Introduction: This paper discusses how cancer arises from chronic inflammation, based on complexity theory.
Methods: We reviewed the medical literature to identify cancer types strongly associated with chronic inflammation. We then classified the chronic inflammatory etiologies, determined general mechanisms through which they promote cancer and speculated on network changes involved in transforming cells from physiologic to cancer attractor states.
Results: Bacterial and viral infection are a common etiology of chronic inflammation associated cancer and cause 15% of cancer cases worldwide, predominantly Helicobacter pylori, human papillomavirus and hepatitis B and C virus. Other etiologies include parasitic infestations by Opisthorchis viverrini, Clonorchis sinensis and Schistosoma haematobium; autoimmunity in Hashimoto thyroiditis, Sjögren syndrome and celiac disease; local trauma due to gastroesophageal reflux and hot beverages; excess weight; diabetes; Western diet (high fat, low fiber, low consumption of fruit and vegetables); aging and immune system dysfunction. General mechanisms include immune system activation that damages DNA by producing reactive oxygen and nitrogen species and nitrosamines; tumor immune evasion via immune suppression and immune senescence; antigen driven lymphoproliferation; continuous mitotic activity due to repair; synergy with other chronic stressors; creation of a tumor nurturing microenvironment; development of a “runaway” immune system; and microbiome changes that produce carcinogens or activate inflammation. Immune system dysfunction and germ line variations of inflammatory mediators can promote each step. From a network perspective, the usual physiologic state for many cellular processes consists of a delicate balance between stimulating and dampening forces, maintained by inherent network features and evolved control systems. Chronic inflammation may disturb this balance, leading to propagation of network instability throughout the cell, across adjacent tissues and ultimately systemically. This may create identifiable network hierarchies and intermediate states (hyperplasia, metaplasia or dysplasia), but some changes in network and molecular patterns may not alter histology. Ultimately, cells may move to a cancer attractor state.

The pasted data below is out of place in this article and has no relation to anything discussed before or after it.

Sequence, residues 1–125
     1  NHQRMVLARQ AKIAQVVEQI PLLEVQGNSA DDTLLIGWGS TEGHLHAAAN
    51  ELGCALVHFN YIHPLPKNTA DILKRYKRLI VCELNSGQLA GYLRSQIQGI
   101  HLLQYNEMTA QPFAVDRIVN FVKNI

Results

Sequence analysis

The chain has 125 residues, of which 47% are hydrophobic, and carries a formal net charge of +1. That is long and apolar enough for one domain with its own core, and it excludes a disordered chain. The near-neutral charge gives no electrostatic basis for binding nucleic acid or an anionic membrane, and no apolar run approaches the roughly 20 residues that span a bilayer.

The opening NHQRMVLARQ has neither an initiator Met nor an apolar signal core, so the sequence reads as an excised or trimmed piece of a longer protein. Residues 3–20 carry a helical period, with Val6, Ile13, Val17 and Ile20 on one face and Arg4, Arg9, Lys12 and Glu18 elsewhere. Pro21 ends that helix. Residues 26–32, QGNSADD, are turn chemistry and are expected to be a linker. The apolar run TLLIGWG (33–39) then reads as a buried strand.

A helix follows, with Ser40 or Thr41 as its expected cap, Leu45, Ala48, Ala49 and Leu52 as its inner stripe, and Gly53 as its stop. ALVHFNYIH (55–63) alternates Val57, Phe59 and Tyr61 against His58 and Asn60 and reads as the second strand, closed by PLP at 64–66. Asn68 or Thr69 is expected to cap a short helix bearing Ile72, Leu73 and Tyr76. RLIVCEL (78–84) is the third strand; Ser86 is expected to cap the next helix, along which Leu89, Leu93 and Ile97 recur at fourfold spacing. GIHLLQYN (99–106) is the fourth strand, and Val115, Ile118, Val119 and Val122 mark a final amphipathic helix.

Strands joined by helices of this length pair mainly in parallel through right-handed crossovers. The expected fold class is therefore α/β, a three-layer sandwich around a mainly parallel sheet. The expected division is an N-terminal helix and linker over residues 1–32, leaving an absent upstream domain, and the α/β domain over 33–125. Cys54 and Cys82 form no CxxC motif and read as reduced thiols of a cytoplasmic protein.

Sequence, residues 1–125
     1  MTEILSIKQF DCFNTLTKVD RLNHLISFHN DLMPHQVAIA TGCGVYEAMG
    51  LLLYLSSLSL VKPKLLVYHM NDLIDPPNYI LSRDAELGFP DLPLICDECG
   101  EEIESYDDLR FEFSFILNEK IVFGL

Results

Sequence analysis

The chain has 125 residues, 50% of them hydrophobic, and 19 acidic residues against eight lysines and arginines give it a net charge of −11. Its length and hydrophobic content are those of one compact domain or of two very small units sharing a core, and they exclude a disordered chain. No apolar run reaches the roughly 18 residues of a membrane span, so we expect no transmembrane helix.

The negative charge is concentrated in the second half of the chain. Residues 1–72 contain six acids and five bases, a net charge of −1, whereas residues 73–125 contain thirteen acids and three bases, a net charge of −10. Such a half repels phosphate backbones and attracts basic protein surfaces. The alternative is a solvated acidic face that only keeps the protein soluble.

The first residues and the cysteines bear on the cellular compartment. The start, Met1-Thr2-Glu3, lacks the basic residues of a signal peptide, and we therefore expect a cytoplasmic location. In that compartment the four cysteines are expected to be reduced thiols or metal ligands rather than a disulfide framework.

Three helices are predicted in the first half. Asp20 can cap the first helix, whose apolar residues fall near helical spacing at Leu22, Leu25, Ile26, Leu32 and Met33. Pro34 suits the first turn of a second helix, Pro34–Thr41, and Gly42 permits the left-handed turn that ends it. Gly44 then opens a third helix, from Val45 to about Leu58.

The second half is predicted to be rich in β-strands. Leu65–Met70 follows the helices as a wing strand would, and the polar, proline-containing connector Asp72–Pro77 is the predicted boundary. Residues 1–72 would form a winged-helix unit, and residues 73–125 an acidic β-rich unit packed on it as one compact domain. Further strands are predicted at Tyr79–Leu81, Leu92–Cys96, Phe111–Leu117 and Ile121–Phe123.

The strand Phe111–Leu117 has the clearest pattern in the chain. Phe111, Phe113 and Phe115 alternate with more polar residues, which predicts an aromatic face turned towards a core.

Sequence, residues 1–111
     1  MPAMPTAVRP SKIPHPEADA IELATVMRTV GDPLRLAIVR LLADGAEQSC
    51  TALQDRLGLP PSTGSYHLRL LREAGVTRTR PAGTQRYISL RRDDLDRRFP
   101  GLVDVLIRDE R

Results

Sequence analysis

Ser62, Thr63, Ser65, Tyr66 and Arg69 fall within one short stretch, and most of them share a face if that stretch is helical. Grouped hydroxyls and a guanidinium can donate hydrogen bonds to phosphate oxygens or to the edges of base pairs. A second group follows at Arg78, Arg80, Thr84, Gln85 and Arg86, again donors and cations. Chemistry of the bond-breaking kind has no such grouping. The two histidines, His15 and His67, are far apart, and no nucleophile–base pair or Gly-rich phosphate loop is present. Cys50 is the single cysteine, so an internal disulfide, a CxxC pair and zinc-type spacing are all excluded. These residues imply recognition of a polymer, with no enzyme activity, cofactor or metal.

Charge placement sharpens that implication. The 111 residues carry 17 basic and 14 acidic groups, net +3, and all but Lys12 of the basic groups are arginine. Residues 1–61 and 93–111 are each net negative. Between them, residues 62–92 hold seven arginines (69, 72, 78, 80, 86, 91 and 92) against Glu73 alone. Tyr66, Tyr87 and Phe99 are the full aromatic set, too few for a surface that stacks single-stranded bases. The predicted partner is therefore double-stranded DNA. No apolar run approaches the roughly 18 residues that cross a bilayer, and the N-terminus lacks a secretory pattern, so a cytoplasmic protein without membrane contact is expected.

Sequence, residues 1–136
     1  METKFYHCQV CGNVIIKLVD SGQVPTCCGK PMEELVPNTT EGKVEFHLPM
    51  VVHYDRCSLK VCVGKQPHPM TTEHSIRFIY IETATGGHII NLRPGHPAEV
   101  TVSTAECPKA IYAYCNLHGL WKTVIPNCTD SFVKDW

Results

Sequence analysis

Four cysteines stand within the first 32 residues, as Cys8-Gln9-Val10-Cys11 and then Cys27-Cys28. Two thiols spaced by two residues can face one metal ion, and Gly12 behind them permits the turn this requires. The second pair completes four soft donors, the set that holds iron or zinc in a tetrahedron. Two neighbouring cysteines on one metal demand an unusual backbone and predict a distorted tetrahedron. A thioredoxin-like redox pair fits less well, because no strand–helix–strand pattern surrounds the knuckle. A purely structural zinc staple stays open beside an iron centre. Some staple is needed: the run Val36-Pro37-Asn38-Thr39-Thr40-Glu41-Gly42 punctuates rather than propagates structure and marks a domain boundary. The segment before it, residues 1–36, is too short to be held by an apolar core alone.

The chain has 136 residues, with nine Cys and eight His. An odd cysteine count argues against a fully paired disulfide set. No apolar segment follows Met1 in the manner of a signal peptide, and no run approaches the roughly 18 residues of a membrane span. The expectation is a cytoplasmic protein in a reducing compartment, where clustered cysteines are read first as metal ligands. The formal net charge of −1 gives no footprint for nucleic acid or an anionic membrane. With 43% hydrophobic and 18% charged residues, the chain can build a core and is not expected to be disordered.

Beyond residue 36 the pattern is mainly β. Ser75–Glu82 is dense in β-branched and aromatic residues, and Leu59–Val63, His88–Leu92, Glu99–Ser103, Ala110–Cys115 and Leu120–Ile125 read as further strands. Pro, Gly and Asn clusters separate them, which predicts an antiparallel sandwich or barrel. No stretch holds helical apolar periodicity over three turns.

Summary: Chronic inflammation causes cancer by initiating local changes to cellular networks and their microenvironment which facilitate their escape from physiologic states towards intermediate and cancer attractor states. This suggests that early detection and reduction of these inflammatory changes may reduce cancer mortality. Novel treatment options include more diverse treatment combinations, destabilizing existing cancer attractors and their microenvironment, stimulating physiologic pathways that stabilize networks, reducing other chronic stressors and optimizing rational medical care.
Citation Format: Nat L. Pernick. How cancer arises from chronic inflammation, based on complexity theory [abstract]. In: Proceedings of the Annual Meeting of the American Association for Cancer Research 2020; 2020 Apr 27-28 and Jun 22-24. Philadelphia (PA): AACR; Cancer Res 2020;80(16 Suppl):Abstract nr 5494.